And the two Hudson Yards towers aren't gigantic? :shrug:

Not in my opinion. We all have different perspectives on a word's meaning.

Gigantic is probably best reserved for the world's biggest and tallest structures today, not 300m towers. 300m towers are big buildings, but due to their commonness, they no longer evoke such feelings of extreme size (gigantic) as they once did IMHO.

sbarn Mar 27, 2012 2:39 AM

Quote:

Originally Posted by aquablue (Post 5642699)
Not in my opinion. We all have different perspectives on a word's meaning.

Gigantic is probably best reserved for the world's biggest and tallest structures today, not 300m towers. 300m towers are big buildings, but due to their commonness, they no longer evoke such feelings of extreme size (gigantic) as they once did IMHO.

We'll definitely have to agree to disagree.

At 1,292 feet (~390 meters), if the North Tower of Hudson Yards were built tomorrow it would be the third tallest building in the country and the second tallest building in NYC. Not calling that gigantic is a bit ludicrous IMO. But like I said, we'll have to agree to disagree.

NYguy Apr 12, 2012 1:07 AM

Quote:

Originally Posted by NewYorkDominates (Post 5662448)
How many buildings are being built at Hudson Yards?Maybe 4 or 5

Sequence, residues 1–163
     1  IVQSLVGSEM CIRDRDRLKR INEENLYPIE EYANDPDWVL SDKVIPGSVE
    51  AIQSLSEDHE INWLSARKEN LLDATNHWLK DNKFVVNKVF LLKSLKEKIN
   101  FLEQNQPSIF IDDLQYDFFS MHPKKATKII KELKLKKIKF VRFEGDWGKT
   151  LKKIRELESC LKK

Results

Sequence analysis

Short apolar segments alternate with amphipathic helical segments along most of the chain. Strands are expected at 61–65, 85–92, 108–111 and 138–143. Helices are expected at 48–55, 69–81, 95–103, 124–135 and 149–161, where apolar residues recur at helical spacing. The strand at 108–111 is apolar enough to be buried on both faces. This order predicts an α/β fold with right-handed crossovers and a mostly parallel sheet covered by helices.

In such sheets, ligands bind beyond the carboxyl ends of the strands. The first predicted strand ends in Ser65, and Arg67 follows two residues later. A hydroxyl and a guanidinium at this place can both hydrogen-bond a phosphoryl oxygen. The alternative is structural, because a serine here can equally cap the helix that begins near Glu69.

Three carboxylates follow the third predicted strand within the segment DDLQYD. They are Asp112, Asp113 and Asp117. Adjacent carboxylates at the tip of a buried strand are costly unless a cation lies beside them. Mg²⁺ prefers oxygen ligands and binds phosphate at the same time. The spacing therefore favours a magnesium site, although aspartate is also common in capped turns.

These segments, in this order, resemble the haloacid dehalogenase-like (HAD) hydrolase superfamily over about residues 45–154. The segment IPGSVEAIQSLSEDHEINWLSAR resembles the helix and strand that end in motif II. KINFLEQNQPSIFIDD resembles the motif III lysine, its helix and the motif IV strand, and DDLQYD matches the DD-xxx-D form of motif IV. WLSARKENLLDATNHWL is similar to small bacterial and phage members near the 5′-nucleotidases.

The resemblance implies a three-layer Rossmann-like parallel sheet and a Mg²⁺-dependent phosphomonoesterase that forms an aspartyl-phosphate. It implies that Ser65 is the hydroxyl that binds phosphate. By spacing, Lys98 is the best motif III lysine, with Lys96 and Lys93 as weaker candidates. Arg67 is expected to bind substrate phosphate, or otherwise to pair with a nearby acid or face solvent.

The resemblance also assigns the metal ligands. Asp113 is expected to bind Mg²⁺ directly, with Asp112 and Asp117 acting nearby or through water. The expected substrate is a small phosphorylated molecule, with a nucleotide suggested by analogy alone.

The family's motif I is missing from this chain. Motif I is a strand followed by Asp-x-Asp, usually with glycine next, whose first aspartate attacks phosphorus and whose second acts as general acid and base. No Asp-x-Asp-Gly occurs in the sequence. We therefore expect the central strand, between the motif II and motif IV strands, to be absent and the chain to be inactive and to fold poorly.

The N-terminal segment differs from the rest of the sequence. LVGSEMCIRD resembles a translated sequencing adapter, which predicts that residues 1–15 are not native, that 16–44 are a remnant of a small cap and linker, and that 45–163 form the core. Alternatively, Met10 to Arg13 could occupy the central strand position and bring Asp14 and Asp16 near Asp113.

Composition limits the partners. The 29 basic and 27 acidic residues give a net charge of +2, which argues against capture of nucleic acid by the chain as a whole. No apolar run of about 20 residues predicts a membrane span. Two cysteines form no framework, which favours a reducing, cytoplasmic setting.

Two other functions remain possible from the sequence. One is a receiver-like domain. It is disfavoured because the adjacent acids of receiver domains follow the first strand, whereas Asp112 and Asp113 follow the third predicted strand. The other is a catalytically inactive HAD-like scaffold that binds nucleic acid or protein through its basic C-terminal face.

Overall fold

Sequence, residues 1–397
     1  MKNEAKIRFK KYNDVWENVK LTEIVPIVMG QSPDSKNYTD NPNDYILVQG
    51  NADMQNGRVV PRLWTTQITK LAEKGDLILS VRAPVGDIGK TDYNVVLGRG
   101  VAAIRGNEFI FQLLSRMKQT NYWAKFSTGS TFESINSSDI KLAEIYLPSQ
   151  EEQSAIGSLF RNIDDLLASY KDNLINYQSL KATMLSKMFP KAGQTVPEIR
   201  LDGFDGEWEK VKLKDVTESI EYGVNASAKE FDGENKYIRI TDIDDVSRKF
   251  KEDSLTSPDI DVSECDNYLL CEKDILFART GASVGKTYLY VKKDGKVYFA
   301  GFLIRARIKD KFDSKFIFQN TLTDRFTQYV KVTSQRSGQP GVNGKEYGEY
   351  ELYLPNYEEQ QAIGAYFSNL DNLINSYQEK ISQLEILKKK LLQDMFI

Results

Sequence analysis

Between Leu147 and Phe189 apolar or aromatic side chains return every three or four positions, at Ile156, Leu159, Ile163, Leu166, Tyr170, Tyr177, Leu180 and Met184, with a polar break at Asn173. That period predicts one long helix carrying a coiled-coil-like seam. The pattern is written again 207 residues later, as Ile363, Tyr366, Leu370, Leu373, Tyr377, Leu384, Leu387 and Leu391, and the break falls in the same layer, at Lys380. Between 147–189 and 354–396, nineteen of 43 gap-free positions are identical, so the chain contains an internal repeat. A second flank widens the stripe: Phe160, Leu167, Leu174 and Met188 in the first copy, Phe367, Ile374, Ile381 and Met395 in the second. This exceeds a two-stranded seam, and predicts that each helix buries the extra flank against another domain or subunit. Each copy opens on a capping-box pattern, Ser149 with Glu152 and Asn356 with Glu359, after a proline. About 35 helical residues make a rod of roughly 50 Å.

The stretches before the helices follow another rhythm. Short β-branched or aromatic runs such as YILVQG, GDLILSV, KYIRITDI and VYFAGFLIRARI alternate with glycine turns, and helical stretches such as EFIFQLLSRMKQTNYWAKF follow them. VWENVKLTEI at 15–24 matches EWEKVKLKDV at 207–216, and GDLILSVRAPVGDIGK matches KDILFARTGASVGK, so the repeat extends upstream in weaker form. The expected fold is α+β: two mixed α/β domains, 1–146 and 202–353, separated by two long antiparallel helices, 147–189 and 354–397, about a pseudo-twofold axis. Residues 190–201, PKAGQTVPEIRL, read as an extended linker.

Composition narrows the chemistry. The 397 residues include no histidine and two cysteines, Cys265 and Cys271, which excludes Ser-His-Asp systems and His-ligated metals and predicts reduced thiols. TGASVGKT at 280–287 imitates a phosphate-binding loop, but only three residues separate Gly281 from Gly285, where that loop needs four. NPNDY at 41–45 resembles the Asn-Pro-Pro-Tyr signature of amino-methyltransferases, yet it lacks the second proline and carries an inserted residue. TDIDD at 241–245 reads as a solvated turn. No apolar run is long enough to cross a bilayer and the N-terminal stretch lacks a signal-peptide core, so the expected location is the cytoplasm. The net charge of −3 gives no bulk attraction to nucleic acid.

That depends on what you mean.



http://archpaper.com/news/articles.asp?id=5990

West Side, Ho!
After years of politics and planning, community building, false starts, and new beginnings,
the transformation of the far Manhattan's West Side in the 30s is underway.


Tom Stoelker
4/11/12


Quote:

...Governor Andrew Cuomo’s January 4 State of the State message included welcome news for West Siders who dream of a day when the Jacob K. Javits Convention Center no longer dominates their neighborhood. The Javits was conceived by Governor Hugh Carey’s administration with the highest hopes and with the best talent brought to bear. James Ingo Freed of I. M. Pei & Partners (later Pei Cobb Freed & Partners) envisioned it as a 20th-century crystal palace where, according to firm descriptions, “the play of solidity and transparency in which the vast interior, flooded with natural light, combines indoor and outdoor views” makes the space, with its glass vestibule soaring as high as 150 feet, “a covered city square” rather than the industry-standard remote, windowless mega-box.